JUNE’S lower-than-expected inflation figures has raised hope that interest rates could soon be at a peak – but there’s still a long way to go for Northern Ireland businesses grappling with issues on several fronts.
In its latest decision, the Bank of England was clear that it thinks tighter monetary policy is having a definitive impact on the economy. CBI members have told me demand is softening, locally and globally.
There is now speculation that interest rates – which stand at 5.25 per cent – could peak below six per cent, a shift in expectations from just a few months ago. However, the Bank of England has signalled that they could remain higher for longer to tackle inflation.
There is a growing expectation that inflation will fall back towards the year’s end, which would come as a relief for households and firms in Northern Ireland that have struggled with the cost of living and doing business. However, this expectation is only likely to be realised if there are no other economic shocks such as an interruption to energy or global supply chains.
The latest GDP figures highlighted some resilience in the UK economy with 0.2 per cent growth during quarter two. However, the situation is fragile and locally manufacturers are experiencing weaker demand in export markets. Some manufacturing exporters have reduced production shifts and are encouraging employees to take holidays aligned to the weaker demand cycle.
A large Northern Ireland food producer, which runs its own customer survey, reported a significant fall in consumer confidence throughout July. Local retailers and food producers also see a stark difference in the shopping habits of low and middle-income households which is a cause for concern. One retailer told me that low-income households are cutting back on the most basic items by buying significantly less quantity.
Last week the National Institute of Economic and Social Research revealed that the UK economy had lost five years of economic growth due to Brexit, Covid and Ukraine conflict. Its research appears to support a CBI forecast that the UK economy will remain 7 per cent smaller than its pre-pandemic trend by the end of 2024.
The International Monetary Fund’s Global Growth Report said UK output is projected to grow by 0.4 per cent in 2023, but even that more positive news around narrowly missing recession was offset by the fact that the UK’s growth trajectory lags all but one of the G7 countries - Germany.
There is no doubt that times are tough. Innovative and courageous thinking is needed to move things into a better economic climate. On the upside, supply chains are starting to recover from Covid lockdowns and firms are reporting some global price pressures are?easing.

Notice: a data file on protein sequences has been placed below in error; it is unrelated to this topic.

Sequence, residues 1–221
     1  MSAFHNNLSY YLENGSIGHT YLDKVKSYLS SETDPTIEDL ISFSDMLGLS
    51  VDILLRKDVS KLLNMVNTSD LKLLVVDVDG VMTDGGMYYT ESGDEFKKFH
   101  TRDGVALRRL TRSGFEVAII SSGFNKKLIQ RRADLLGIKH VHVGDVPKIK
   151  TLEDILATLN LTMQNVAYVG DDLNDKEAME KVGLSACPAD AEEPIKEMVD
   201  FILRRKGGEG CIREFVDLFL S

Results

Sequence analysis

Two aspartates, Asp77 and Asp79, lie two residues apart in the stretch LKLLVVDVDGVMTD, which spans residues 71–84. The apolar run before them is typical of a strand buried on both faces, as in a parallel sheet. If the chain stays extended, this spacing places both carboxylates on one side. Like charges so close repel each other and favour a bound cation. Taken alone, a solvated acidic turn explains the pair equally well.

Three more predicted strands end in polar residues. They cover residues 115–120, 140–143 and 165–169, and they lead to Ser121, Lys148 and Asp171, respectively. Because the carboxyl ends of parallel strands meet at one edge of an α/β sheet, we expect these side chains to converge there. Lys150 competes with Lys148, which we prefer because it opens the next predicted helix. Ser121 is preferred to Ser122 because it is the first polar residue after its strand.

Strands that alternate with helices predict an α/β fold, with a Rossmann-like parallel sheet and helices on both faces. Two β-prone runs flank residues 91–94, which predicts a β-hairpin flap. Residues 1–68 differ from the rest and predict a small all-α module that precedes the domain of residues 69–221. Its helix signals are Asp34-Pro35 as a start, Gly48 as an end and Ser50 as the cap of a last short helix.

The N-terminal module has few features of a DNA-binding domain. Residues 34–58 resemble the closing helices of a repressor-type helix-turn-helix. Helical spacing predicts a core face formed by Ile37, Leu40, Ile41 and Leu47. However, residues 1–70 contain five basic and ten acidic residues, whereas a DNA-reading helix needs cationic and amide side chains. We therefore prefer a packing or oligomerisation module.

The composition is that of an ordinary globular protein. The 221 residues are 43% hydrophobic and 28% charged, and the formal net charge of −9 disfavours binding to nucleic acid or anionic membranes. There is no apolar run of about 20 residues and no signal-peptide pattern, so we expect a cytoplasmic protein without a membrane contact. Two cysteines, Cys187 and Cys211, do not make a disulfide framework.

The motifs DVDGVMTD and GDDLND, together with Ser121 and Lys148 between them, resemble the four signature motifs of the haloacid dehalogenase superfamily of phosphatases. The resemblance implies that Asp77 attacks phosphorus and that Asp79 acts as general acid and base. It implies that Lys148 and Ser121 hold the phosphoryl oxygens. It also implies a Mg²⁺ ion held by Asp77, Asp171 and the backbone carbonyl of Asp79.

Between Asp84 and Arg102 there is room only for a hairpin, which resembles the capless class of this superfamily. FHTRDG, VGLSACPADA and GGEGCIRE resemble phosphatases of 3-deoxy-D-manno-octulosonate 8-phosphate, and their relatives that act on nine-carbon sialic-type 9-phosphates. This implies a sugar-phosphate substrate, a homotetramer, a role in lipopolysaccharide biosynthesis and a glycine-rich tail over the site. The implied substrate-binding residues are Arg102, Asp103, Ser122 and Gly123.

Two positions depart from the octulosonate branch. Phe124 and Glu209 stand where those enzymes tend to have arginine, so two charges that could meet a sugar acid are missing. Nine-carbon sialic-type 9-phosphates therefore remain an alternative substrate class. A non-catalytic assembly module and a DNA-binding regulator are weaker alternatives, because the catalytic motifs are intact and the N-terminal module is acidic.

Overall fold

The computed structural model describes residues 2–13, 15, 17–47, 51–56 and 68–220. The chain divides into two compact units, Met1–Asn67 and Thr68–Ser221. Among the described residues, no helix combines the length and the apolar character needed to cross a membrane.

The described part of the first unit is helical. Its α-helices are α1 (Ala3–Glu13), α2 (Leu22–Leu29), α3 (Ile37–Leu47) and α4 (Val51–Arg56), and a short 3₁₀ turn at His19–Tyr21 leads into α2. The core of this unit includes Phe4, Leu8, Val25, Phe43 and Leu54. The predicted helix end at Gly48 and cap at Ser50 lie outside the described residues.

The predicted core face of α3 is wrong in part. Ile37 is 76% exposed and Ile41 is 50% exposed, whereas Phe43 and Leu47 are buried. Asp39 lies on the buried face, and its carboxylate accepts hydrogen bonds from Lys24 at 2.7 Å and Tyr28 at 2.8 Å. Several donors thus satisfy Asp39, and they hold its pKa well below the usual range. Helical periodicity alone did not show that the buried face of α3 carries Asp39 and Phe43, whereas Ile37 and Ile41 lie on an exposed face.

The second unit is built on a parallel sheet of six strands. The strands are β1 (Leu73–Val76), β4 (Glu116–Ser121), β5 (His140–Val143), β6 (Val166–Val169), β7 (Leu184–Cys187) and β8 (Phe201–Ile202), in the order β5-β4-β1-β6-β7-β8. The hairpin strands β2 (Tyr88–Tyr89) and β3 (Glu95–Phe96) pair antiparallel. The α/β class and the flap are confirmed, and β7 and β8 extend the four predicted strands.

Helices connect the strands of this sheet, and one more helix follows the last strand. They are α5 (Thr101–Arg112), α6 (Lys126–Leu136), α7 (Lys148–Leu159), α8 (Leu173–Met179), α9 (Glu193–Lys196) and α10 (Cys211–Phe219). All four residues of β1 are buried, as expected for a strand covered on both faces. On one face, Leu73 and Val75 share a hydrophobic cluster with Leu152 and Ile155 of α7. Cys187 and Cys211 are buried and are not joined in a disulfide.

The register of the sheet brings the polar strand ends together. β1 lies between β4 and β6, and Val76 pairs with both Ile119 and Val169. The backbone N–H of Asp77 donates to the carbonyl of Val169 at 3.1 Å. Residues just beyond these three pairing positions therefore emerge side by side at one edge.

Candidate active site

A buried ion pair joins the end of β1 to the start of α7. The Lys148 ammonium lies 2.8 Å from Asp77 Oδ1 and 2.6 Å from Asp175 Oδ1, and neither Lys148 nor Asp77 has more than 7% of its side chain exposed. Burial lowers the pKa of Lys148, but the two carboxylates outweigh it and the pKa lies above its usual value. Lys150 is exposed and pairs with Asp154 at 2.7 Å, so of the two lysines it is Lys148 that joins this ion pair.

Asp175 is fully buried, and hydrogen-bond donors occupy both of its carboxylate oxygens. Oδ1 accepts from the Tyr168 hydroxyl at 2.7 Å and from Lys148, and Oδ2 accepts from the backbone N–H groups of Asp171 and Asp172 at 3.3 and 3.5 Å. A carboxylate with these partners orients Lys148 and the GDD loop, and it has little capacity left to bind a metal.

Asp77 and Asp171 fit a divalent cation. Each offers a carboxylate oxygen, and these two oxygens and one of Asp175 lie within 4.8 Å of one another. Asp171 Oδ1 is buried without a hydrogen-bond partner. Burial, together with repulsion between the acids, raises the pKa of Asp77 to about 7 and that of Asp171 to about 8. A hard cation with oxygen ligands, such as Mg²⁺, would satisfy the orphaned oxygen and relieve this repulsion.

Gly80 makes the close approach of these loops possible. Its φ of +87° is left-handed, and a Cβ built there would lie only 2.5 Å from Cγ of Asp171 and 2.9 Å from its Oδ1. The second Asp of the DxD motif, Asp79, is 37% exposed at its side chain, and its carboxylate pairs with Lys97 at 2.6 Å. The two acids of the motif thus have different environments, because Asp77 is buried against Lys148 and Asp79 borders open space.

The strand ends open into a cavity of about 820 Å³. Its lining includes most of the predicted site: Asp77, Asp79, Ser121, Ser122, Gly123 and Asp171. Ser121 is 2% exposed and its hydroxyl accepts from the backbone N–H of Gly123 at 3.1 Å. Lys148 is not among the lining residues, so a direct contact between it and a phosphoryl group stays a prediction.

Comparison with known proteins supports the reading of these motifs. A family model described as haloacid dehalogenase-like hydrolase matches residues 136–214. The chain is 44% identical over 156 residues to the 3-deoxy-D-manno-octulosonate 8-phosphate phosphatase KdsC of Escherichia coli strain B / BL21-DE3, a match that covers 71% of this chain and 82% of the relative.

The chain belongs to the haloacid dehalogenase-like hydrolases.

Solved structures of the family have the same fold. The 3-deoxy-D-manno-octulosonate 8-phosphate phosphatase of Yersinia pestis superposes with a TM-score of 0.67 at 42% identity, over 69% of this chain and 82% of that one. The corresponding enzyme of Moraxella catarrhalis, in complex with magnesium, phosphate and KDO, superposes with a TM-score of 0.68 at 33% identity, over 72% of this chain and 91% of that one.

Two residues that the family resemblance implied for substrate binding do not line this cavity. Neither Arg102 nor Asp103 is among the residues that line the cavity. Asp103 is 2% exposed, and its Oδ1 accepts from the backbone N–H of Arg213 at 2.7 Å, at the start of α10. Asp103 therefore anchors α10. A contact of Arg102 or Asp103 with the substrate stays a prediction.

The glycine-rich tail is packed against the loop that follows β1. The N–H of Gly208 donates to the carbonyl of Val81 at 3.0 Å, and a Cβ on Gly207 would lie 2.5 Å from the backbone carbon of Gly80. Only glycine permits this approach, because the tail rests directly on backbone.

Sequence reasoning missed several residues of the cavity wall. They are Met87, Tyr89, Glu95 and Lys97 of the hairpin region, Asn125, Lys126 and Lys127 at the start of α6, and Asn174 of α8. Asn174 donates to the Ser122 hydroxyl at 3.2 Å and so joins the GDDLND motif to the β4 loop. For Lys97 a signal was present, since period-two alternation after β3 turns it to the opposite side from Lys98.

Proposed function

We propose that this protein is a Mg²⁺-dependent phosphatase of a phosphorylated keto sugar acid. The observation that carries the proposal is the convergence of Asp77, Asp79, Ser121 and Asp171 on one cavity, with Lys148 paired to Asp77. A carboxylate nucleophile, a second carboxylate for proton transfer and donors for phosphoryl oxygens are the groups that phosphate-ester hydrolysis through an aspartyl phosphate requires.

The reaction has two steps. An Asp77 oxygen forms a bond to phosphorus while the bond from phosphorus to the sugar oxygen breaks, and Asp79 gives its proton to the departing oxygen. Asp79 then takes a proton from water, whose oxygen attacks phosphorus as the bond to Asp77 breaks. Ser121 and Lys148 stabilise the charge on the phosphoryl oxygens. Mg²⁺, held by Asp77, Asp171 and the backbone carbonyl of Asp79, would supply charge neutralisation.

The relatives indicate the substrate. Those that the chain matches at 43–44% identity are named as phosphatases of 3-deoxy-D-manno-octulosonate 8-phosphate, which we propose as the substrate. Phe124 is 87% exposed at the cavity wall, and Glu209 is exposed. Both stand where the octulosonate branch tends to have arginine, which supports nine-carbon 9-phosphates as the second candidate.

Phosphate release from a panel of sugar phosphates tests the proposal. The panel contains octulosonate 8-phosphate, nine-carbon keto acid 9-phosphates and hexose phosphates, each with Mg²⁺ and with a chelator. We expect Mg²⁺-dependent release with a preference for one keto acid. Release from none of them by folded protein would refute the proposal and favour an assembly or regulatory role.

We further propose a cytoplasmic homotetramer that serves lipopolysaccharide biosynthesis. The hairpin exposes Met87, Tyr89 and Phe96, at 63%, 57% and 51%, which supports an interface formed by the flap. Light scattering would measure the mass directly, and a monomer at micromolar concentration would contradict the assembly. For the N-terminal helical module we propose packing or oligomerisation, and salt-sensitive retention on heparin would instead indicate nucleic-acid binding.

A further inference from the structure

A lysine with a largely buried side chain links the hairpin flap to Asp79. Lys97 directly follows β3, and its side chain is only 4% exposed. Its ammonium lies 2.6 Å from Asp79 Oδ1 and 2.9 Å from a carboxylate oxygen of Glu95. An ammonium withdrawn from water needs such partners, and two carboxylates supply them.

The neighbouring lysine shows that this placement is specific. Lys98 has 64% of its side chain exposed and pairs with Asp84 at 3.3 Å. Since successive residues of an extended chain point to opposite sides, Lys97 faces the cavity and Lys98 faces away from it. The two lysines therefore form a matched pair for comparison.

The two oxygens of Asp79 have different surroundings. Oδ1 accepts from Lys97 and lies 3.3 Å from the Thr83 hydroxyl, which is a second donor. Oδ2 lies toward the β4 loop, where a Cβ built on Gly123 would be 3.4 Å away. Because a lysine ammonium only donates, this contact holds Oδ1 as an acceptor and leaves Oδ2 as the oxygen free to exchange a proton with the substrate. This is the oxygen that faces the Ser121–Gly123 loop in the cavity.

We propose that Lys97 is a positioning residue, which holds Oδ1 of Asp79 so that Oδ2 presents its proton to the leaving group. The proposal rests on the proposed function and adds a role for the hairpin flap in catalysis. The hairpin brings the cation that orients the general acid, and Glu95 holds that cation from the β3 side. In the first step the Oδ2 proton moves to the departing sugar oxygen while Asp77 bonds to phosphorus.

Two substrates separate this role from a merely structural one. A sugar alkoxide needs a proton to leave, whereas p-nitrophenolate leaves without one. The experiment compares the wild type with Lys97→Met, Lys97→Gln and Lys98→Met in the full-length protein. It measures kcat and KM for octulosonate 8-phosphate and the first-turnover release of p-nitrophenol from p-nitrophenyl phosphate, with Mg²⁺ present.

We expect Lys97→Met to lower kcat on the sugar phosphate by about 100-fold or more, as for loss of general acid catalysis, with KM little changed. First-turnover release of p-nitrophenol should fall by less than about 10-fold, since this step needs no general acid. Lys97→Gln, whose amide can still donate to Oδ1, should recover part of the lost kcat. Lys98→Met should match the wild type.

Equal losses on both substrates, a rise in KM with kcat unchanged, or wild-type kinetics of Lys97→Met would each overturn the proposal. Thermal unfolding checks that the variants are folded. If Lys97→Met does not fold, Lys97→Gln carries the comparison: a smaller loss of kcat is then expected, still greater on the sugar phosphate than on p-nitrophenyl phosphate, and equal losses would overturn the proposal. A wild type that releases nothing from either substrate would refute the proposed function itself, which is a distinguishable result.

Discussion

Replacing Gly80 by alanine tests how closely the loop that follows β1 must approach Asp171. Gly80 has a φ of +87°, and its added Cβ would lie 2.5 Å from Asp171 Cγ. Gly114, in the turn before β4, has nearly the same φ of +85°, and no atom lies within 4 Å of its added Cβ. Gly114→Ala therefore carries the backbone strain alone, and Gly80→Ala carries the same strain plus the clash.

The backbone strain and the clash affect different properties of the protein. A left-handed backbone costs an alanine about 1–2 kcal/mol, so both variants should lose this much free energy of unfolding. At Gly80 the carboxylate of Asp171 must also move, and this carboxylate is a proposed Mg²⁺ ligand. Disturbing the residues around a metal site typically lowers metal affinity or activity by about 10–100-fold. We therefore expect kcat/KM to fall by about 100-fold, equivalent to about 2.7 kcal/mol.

However, the lack of skilled labour remains a significant challenge and is a particular concern for those firms who wish to invest in low carbon energy solutions or artificial intelligence (AI).
In these areas, firms complain that there is a large deficit in the local skills pipeline which is impacting progress and ambition. Some companies also cite ‘access to finance’ as an investment barrier and those local projects which have been held up over planning issues will get more expensive by the day.
The CBI will be focusing on how the Treasury can stimulate investment and improve business competitiveness in the Government’s Autumn Statement. We are having conversations with members around what would support them to invest in the skills, technology, and the low carbon capital that they need to deliver sustainable growth in their respective industries.
Our economics team will be costing these industry ‘asks’ and encouraging the Treasury to seize the opportunity to support business growth.
Last week a news report in Northern Ireland highlighted Ireland’s budget surplus which is set to reach £56.3 billion by 2027. It is hard not to question how such economic disparities can develop between two sides of an island. The Irish Government’s investment in education, infrastructure and offering a fiscally attractive taxation package to foreign investors, stand out as the main differentiator.
Without doubt the Stormont stalemate is negatively impacting our ability to make economic progress. Last week the Taoiseach Leo Varadkar called for the UK and Irish governments to work ‘hand-in-glove’ to apply both pressure and support for the resumption of the Assembly. History tells us that it is only when they jointly tackle these Northern Ireland ‘political bottlenecks’ that progress is made.
Companies across Northern Ireland are united in their view that political stability would bring clarity, confidence and economic opportunity to the business community. Chief executives tell me that it is much easier to convince global headquarters to put more money in this region when there is a shared government working for everyone.
It goes without saying that local companies are deeply disappointed that the Executive will most probably not be restored in time for next month’s Investment Conference in Belfast.
:: Angela McGowan is director of CBI Northern Ireland